We have heard over the years about the evils of classicalism, of free markets, of the apparent shortcomings of laissez-faire principles in American and world history, mostly from academia. We have been told that these principles are mean-spirited, cold, calculated, and even evil, and that capitalism itself is to blame for all of the poverty in the world. One of the biggest lies is that there is poverty in the world because people are simply unable to help themselves climb out of poverty, and it’s because of the capitalist system rather than their own lack of self-preservation and personal responsibility. We hear these things being shouted from the “high” pedestal of academia, but we should all be aware that lies will always be lies, no matter how many times you say them. What we should watch out for is when people begin to believe them because of how often they are told the same lie.

Academia’s answer to the problem of capitalism is always socialism, and it would follow that they would find themselves at this answer, for in their own analysis of the system, they grossly underestimate the power of self-preservation. In fact, they try to ignore that part of the human consciousness. The reason is because it completely ruins the argument of classicalist shame. Take, for example, success stories of free blacks after emancipation. How about families that, over generations, worked their way up from impoverished immigrants to some of the most successful people in the world? Self-preservation and responsibility aided these people, not the government. These things really did happen over history, and the stories are uplifting and motivational, testaments to the American Dream, but we never see them explained in academia for obvious reasons. Their answer is government, and will always be government, so long as they ignore the human spirit. As long as they ignore basic human principles such as wanting to live, wanting a better life not just for them, but for their children, the left will always arrive at more government as the answer to our problems.

Throughout history, humans were not allowed the mobility that is available in classicalism and free-market capitalism. They were ruled by kings and monarchs, oligarchs, and the like, without being able to move themselves out of one class and into another one. In capitalism, class mobility is possible, and self-preservation is the engine that allows the capitalist system to succeed. If humans were not actively trying to better themselves and their lives, capitalism would be yield much worse results. It is because of self-preservation and personal responsibility that classicalism is able to bring a family’s generational poverty to a halt. No other system in the world can tout such feats, and that’s what angers academia and the anti-capitalist crowd.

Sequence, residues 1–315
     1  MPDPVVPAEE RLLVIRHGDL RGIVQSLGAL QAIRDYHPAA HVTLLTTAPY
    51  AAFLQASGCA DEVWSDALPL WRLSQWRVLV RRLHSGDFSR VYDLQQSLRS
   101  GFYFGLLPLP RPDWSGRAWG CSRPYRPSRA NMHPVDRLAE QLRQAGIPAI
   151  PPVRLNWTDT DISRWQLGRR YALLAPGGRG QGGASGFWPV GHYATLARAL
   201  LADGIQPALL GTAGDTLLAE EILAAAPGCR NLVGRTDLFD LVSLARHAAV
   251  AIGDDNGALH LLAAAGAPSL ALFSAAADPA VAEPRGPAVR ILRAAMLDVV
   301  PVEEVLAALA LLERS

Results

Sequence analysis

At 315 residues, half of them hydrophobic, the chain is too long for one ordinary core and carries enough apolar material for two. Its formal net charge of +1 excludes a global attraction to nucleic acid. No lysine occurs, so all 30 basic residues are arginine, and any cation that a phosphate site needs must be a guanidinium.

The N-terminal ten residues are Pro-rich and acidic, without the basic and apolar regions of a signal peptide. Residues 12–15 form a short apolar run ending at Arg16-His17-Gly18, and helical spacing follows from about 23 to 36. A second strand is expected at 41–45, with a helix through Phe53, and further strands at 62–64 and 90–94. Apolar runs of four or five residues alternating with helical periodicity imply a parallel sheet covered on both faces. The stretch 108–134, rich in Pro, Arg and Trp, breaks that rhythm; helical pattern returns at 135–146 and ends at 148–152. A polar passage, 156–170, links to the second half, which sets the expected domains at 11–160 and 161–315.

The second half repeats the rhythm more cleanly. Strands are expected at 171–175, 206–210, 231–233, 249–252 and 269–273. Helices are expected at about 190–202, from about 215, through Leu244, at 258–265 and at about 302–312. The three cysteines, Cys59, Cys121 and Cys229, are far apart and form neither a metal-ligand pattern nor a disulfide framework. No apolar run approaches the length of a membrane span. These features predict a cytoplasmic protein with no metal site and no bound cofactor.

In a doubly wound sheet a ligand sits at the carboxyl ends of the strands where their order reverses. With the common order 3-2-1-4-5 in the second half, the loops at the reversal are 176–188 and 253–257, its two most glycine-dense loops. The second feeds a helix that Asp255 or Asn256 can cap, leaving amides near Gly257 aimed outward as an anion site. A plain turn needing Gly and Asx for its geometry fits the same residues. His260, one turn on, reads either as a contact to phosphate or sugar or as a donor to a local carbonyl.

The truth is that socialism underestimates the human spirit and the natural desire for self-improvement. Classicalism is the only system in the world that encourages people to express self-preservation and personal responsibility to better themselves and their family. While socialism tells us that natural instinct to better ourselves does not exist, and the only natural instinct is greed, classicalism tells us that all of these instincts exist, and they can help us succeed. Classicalism is not for the few, but for the many, and whoever can listen to their heart can succeed in a classical society.

Author: Matthew White

Founder and editor-in-chief of The Everyday Republic.